Goings ended the season with 10 yards on nine carries and one yard on three receptions – including a three-yard grab on the game-winning drive at San Diego in Week 1.  Three plays after that catch, Dante Rosario cradled the game-winning reception in the end zone.  Goings was also there; he was one of the four other targets on the play, which Jake Delhomme said was simply "five verticals" – i.e. five receivers running straight ahead, as far as they could go without traipsing over the touchline in the back of the end zone.

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After spending the entire season on the practice squad, the Panthers signed Birmingham to a reserve-future contract last month.

Birmingham finished second behind Williams in preseason rushing last summer, picking up 117 yards on 29 carries.  His summer performance was punctuated by his efforts in an overtime win over the Indianapolis Colts, when he gained 33 yards on seven carries in sudden death, helping drive the Panthers to a game-winning John Kasay field goal.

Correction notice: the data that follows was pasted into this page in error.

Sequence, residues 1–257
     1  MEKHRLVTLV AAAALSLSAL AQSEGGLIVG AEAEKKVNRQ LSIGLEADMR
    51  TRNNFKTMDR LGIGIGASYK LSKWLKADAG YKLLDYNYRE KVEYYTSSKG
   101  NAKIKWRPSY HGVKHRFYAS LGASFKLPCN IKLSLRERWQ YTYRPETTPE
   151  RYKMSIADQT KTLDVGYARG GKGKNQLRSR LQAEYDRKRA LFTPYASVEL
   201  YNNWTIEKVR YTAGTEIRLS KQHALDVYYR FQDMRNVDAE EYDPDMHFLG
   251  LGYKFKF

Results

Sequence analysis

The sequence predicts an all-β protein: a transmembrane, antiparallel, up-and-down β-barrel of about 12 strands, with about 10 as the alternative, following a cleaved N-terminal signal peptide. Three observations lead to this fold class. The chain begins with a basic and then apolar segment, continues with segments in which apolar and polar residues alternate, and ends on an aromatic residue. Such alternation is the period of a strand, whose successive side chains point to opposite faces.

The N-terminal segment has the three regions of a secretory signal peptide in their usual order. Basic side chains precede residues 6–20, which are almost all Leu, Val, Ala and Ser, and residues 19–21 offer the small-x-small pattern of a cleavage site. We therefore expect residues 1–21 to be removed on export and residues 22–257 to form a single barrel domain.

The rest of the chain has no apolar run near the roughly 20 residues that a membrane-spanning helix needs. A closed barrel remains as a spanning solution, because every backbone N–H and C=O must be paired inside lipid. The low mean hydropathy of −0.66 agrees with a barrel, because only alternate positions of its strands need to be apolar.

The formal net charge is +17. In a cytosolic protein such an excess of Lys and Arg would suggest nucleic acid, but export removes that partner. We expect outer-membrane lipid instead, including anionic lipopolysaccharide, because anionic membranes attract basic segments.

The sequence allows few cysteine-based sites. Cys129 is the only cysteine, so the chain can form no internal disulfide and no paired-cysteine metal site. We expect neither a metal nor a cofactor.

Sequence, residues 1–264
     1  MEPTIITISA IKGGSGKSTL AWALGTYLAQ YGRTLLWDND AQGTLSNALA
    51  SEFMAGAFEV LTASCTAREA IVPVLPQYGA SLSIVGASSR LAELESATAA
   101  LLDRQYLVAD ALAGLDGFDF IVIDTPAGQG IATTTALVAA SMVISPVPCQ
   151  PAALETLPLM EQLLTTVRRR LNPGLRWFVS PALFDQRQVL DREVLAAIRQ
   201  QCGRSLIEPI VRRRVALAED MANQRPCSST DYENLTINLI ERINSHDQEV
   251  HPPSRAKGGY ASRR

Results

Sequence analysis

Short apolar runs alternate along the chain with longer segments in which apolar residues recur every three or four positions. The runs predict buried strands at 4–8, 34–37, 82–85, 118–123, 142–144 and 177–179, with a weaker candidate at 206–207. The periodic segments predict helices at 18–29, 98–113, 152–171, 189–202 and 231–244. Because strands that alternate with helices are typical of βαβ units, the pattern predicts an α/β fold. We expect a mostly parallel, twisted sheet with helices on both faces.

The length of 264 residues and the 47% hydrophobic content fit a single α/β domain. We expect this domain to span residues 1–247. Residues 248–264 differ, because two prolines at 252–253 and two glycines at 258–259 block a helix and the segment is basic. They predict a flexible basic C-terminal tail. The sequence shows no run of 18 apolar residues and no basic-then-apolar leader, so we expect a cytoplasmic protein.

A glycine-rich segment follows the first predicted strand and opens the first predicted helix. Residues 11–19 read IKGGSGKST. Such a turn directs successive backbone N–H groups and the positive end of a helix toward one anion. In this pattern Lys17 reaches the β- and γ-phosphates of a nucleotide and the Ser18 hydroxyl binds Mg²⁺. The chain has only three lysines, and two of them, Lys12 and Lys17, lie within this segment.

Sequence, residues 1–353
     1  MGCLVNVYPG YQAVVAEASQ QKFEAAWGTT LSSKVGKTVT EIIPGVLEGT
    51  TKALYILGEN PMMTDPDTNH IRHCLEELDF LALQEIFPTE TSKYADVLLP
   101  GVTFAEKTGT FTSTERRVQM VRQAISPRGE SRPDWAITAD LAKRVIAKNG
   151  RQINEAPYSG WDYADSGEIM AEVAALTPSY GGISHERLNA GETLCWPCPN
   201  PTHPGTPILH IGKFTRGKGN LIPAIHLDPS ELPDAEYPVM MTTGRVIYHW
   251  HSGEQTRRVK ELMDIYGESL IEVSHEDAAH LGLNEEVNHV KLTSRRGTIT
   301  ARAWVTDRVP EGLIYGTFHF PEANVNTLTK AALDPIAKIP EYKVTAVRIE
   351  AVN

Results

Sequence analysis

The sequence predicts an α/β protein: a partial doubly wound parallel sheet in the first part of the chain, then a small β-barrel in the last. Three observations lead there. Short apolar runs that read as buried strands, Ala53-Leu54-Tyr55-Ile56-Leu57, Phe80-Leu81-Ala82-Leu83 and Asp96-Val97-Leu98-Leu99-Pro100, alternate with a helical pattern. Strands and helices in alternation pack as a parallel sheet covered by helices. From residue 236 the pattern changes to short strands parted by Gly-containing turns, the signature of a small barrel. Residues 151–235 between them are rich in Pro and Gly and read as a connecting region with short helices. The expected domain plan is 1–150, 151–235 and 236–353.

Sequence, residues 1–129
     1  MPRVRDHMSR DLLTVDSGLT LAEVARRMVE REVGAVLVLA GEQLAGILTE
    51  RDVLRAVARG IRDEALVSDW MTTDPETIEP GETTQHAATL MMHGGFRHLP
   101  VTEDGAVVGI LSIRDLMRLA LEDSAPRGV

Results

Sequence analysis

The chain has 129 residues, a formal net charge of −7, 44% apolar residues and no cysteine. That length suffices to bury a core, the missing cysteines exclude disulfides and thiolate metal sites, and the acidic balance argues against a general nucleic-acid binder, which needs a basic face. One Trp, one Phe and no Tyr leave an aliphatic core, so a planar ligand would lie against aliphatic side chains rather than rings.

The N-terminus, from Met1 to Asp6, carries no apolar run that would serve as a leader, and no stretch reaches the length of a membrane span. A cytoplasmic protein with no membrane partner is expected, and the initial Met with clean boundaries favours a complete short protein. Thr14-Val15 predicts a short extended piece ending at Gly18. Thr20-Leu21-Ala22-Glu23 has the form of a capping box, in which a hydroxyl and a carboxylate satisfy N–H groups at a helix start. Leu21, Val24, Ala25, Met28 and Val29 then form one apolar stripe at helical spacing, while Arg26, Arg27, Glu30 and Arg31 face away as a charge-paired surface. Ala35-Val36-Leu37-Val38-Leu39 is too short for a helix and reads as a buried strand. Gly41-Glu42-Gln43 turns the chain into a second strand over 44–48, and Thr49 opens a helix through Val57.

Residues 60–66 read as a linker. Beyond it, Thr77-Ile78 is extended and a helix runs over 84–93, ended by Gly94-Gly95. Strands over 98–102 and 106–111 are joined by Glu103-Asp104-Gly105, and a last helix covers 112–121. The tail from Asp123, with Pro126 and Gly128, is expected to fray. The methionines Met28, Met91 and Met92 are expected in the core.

Carolina represents the sixth team on which he has been a practice-squad member, but the first with which he stayed for an entire season.  He has never carried the football in a regular-season game.



The success of Williams and Stewart likely wouldn't have been possible without the work of the man who often lined up in front of them -- fullback Brad Hoover.

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Twelve months ago, Hoover entered the offseason under the specter of uncertainty, with his contract expiring and unrestricted free agency on the horizon.  To leave the Panthers would have meant playing for a team based outside of North Carolina's borders for the first time in his life.

This year, Hoover's situation is more settled after he re-signed with the club last Feb. 29. 

"That's one less thing I have to worry about," he said. "I can just concentrate on getting ready to come back in here and work hard through the offseason."

Hoover made it through all 16 games, helped blast open holes for Williams and Stewart and contributed some key short-yardage runs.  Of his six third-down carries, five picked up first downs, giving him an 83.3 percent success ratio that tied him with Minnesota's Adrian Peterson for sixth in the NFC.

"There's always things you can improve on, but I felt like I did a pretty good job blocking for those guys," he said.